Feminists claim domestic violence is caused by ‘rigid gender roles and stereotypes’ (then apply them to men in painting them as perpetual aggressors)

I’d suggest reading the following article and the readers comments that follow it, and then come back for a brief discussion:

Quentin Bryce urges focus on gender inequality to tackle domestic violence (6 April 2015)

Firstly, a few words about Quentin Bryce. Quentin is a former Governor-General who recently chaired a state Taskforce into Family Violence the report for which was released in February 2015 (see related blog posts here and here).

Quentin deserves our thanks for performing that role without sticking out her hand for the sort of generous compensation demanded by other prominent talking heads of the Australian Domestic Violence Industry. Quentin was ill-advised, however, to issue statements during the course of the Inquiry that were pre-emptive and prejudicial, and which clearly signalled her own personal anti-male and pro-feminist agenda (example1example2).

In the article linked above Quentin reiterates a key element of the feminist narrative as it is applied to the issue of domestic violence, that:

“Domestic and family violence is caused by unequal distribution of power and resources between men and women, it’s about the rigid gender roles and stereotypes that characterise our society, and the culture and the attitudes that support violence against women”

Domestic violence does indeed involve an unequal distribution of power, but where feminists get it wrong is that the man need not be the partner wielding the power. The feminist perspective also ignores the reality of domestic violence affecting same-sex couples.

Feminists cling to this notion however because it dovetails with a theoretical framework that they rely upon so heavily, known as the Duluth model.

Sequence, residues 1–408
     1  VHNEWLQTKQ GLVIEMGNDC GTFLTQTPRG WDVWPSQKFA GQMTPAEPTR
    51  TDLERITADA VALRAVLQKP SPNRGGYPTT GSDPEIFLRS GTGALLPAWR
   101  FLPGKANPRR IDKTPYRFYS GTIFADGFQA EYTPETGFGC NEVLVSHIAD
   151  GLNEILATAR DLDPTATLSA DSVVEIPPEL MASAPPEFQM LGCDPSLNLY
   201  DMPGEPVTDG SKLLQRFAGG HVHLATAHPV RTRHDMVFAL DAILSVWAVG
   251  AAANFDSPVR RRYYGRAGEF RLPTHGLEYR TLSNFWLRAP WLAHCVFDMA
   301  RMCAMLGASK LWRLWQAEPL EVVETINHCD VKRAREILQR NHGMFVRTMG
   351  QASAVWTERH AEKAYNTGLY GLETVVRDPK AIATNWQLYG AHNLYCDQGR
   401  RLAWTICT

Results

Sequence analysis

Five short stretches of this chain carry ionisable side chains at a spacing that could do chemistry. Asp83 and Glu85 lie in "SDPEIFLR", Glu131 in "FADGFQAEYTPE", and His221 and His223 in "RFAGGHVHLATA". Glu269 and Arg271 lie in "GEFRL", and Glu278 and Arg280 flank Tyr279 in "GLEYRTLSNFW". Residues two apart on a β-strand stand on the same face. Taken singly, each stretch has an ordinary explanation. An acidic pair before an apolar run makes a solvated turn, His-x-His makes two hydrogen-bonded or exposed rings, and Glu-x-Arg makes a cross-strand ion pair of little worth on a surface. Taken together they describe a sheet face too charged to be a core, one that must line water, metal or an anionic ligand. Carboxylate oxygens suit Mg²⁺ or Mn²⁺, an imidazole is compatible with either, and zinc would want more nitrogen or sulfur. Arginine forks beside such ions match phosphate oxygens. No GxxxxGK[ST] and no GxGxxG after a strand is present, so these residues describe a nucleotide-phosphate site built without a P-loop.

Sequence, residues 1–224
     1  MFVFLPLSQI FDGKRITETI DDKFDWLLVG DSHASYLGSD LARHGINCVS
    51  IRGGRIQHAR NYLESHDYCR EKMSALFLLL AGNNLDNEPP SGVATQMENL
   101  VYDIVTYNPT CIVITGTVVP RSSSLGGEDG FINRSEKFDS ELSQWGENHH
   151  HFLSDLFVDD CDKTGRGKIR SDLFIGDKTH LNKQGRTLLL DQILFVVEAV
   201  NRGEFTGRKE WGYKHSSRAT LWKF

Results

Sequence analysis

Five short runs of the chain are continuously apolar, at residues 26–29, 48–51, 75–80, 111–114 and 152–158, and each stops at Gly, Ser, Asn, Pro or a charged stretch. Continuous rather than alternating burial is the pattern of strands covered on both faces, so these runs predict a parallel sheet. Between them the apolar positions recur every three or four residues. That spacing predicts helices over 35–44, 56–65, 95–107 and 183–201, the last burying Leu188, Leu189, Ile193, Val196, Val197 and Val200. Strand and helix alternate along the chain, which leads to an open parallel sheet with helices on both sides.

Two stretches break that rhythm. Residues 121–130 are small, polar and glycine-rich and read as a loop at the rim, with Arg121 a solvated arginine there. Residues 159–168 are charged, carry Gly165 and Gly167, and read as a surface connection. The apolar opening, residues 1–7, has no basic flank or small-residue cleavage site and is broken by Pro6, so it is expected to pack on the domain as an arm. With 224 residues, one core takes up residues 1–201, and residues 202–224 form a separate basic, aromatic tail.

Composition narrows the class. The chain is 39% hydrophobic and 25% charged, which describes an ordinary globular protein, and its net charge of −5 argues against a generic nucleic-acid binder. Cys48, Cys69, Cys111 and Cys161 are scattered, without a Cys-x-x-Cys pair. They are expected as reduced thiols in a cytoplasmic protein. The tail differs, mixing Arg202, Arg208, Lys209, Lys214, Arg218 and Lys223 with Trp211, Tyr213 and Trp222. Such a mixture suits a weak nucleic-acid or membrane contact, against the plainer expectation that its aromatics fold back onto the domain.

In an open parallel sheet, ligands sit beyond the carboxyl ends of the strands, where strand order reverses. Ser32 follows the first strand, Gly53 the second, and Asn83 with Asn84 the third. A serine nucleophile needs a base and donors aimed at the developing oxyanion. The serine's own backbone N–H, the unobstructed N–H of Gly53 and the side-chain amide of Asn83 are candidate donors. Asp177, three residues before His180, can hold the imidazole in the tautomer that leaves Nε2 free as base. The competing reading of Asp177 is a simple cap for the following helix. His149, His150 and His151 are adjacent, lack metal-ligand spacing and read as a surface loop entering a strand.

According to the Duluth Model, “women and children are vulnerable to violence because of their unequal social, economic, and political status in society.” The program’s philosophy is intended to help batterers work to change their attitudes and personal behavior so they would learn to be nonviolent in any relationship. Its philosophy is illustrated by the “Power and Control Wheel,” a graphic typically displayed as a poster in participating locations. (Source)

An excellent rebuttal of proponents of the Duluth model recently penned by South African MRA Jason Dale is well worth reading, with some further criticism here. A further study illustrating the ineffectiveness of the Duluth approach is provided here.

What galls me most, however, is the mind-numbing hypocrisy of feminists asserting that the application of “rigid gender roles and stereotypes” promotes domestic violence, whilst their ongoing portrayal of men as perpetual perpetrators relies upon applying those self-same roles and stereotypes. Cognitive dissonance anyone?

And here’s yet another example, an article entitled ‘Stop gender inequality and you will stop domestic violence‘ (3 September 2015)

See also ‘Testing Predictions From the Male Control Theory of Men’s Partner Violence‘ (2 August 2015)

And in closing perhaps you might like to read ‘Always beating up on men‘ by Bettina Arndt.

Elsewhere in the blog you might be interested in:

Domestic violence is not a gendered issue – Why the pervasive sexist bias against men?

Fudging the figures to support the feminist narrative

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